There is nothing racist about what,i just said.I happen to be white.You must have thought i was African-American for some reason.I want you to know not every white male,likes NASCAR,or hunting and fishing.I happen to like baseball,football, hockey,and soccer.

Posted by: the libertine at June 30, 2007 12:20 AM
Comment #224475

While race as a biological differentiation is a myth, to argue that it is therefore not a social reality is patently absurd. Sorry folks, but we have “created” race, and structured social lives around it. The consequences of the social reality of race are deadly real - and it is not simply economics. Ask the African American man that is assumed to be a violent criminal, or the “Hispanic” woman bleeding and convulsing to death on the floor of an emergency room (it went on for over 45 minutes), or the number of Black and Brown people shot by the police - like the shooting of the friends from the bachelor’s party in New York, or the shooting in the head of Kendra James (Portland Or) for a “simple” traffic stop.

These are not simply the manifestations of economic status.

The examples are too numerous to identify. Last night in the Democratic debates, the following information was put forward for the candidates to speculate on: male African American high school graduates have a 30% higher unemployment rate than White American male high school drop outs. None of the candidates responded with an acknowledgment of what these statistics indicate. Instead, they talked about the failure of the educational system, and how African Americans are “behind” before ever starting school.

What that statistic indicates, friends and foes, is racism - not classism.

Racial profiling is real. Ask anyone assumed to “Arab” who has been pulled out of the line at the airport for extra inspection. Racial targeting is real. For example my sister (who has fairly brown skin and black hair) was delayed for 6 hours coming back into the US from a Caribbean cruise while they verified all of her papers because they thought she was an “illegal alien.” The “white” woman she was traveling with went straight through with a 15 minute stop at customs. These are not “class” issues either, and cannot be explained away by arguing “economics.”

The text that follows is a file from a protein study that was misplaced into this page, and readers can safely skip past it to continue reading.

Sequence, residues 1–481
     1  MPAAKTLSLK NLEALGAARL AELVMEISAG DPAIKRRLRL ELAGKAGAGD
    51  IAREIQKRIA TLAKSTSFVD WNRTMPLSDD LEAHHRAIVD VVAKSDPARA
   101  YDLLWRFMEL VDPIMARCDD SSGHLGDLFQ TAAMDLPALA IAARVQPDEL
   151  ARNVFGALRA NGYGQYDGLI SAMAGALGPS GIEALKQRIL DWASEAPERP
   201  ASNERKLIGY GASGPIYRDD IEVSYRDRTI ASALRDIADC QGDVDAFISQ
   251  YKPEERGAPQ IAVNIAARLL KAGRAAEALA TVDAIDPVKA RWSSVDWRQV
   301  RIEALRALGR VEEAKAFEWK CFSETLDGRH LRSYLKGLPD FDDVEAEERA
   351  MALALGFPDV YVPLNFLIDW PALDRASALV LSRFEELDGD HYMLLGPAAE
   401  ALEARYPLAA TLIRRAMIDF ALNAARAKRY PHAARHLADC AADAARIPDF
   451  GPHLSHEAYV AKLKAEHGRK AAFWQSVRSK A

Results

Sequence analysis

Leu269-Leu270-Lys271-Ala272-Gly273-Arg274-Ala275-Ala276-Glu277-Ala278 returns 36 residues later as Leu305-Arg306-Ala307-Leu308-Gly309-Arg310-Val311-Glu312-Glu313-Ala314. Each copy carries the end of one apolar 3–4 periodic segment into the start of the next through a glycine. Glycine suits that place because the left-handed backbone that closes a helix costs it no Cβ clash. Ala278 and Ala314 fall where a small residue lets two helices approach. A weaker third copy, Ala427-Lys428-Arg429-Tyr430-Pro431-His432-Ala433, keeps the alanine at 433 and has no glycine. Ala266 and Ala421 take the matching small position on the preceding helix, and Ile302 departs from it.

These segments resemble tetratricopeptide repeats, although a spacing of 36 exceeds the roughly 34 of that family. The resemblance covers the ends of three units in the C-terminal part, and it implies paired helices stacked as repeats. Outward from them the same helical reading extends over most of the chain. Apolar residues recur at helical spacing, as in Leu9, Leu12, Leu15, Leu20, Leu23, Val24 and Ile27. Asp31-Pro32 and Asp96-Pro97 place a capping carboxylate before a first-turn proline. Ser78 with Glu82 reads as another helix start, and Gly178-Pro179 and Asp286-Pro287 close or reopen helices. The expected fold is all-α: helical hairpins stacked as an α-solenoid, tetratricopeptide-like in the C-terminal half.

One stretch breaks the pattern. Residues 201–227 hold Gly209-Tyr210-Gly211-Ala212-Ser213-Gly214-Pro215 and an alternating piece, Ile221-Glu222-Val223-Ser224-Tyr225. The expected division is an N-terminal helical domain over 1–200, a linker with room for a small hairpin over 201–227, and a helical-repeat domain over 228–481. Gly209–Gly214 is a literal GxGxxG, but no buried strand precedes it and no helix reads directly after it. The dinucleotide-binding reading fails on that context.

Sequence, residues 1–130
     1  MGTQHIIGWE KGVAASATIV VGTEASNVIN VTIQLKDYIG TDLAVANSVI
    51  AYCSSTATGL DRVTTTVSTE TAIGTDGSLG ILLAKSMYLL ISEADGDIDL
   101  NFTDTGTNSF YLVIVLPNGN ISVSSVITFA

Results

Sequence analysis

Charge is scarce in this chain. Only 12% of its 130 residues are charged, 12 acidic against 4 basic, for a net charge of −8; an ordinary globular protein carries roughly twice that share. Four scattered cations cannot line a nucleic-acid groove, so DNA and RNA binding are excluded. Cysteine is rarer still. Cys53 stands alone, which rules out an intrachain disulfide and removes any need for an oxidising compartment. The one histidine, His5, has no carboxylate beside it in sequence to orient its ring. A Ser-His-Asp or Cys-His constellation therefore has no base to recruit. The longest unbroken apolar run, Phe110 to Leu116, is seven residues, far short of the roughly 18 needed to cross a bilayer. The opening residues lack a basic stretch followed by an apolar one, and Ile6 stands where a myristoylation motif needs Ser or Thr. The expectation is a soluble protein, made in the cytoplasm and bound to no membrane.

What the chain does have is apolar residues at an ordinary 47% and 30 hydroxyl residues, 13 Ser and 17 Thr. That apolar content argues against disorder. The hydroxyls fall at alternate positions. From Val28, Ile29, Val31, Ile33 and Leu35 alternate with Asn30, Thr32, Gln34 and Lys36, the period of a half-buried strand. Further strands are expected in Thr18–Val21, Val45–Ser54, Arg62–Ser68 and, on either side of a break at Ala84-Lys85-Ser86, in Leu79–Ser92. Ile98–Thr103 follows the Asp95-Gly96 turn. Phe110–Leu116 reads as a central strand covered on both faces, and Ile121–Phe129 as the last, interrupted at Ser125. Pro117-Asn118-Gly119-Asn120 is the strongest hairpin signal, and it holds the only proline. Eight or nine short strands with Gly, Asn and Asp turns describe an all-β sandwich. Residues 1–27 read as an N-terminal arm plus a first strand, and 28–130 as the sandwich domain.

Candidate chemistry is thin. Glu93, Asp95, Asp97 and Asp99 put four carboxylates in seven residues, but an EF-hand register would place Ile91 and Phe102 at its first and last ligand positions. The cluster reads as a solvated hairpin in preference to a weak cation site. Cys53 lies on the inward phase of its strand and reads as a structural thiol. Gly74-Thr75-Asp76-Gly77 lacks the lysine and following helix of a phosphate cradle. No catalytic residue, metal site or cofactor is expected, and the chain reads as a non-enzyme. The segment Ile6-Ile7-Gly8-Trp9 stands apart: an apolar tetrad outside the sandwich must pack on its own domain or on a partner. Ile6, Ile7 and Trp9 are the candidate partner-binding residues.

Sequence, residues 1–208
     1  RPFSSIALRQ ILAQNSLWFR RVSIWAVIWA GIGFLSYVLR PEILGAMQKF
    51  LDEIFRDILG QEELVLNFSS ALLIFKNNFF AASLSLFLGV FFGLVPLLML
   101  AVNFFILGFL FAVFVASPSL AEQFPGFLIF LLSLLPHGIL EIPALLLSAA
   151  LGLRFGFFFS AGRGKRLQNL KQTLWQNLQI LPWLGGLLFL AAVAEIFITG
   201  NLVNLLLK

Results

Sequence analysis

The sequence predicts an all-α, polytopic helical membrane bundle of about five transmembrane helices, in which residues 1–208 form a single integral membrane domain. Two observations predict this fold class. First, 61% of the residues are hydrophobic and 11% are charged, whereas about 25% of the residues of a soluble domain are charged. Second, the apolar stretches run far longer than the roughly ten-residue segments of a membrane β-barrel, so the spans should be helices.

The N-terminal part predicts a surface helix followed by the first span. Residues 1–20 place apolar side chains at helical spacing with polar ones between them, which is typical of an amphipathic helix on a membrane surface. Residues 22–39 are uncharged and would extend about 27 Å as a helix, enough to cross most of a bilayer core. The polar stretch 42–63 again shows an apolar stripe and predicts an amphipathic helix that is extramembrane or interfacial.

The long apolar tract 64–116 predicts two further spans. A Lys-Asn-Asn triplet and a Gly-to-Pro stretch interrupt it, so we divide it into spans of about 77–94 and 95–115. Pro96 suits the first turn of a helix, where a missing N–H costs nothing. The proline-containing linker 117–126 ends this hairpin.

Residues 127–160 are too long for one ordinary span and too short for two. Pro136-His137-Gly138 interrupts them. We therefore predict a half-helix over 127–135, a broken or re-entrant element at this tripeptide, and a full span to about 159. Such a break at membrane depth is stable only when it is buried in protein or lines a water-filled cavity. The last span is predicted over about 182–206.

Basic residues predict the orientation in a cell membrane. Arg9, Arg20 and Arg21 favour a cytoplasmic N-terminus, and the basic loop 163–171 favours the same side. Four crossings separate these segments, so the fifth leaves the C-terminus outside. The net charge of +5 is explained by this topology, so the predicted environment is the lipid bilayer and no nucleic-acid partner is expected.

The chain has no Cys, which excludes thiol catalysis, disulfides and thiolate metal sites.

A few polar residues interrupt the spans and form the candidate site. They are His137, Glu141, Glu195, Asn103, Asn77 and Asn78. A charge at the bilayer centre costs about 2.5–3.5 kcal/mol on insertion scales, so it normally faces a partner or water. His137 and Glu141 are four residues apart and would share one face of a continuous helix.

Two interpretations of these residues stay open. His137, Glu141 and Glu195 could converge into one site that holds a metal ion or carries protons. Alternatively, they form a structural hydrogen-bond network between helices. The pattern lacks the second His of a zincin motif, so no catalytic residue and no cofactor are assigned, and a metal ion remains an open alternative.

While we may want a “color blind” society; while we may firmly believe that “things shouldn’t be this way;” while we want race to be history; our hopes, and wants and beliefs do not change the reality of living in a society where race is “practiced.”

Posted by: Rowan at June 30, 2007 12:42 AM
Comment #224479
I look foward to a time when we will judge people by the contents of their characters, not the color of their skins.

Me too. Until that time we should do what we can to counter the racial bias and discrimination that still exists in America.

Posted by: American Pundit at June 30, 2007 2:51 AM
Comment #224494


While race as a biological differentiation is a myth, to argue that it is therefore not a social reality is patently absurd. Sorry folks, but we have “created” race, and structured social lives around it.

So you think that we need to continue operating under the false premise of “race” in order to make things better for people of certain skin colors? I’m sorry, Rowan, but using skin color as a basis for judging people is wrong no matter how good your intentions are. In fact, attitudes like yours help enable racism because you insist that skin color should be a factor in how we decide to treat people.

While we may want a “color blind” society; while we may firmly believe that “things shouldn’t be this way;” while we want race to be history; our hopes, and wants and beliefs do not change the reality of living in a society where race is “practiced.”